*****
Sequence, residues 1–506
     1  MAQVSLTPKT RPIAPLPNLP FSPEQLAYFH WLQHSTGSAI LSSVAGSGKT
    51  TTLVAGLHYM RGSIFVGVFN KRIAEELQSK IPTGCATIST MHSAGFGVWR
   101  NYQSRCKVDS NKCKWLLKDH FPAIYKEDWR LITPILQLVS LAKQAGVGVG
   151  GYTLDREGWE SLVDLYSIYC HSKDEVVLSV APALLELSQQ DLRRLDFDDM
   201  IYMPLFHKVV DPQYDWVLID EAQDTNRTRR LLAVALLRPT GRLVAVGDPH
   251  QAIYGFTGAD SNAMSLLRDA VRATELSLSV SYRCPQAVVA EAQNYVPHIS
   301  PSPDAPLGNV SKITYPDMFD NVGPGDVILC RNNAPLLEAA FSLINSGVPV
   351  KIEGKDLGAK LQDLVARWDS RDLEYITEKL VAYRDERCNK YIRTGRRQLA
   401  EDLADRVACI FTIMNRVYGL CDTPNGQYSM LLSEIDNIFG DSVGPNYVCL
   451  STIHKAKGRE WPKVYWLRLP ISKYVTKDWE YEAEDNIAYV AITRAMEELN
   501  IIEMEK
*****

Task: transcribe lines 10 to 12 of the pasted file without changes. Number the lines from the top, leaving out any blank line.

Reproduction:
   401  EDLADRVACI FTIMNRVYGL CDTPNGQYSM LLSEIDNIFG DSVGPNYVCL
   451  STIHKAKGRE WPKVYWLRLP ISKYVTKDWE YEAEDNIAYV AITRAMEELN
   501  IIEMEK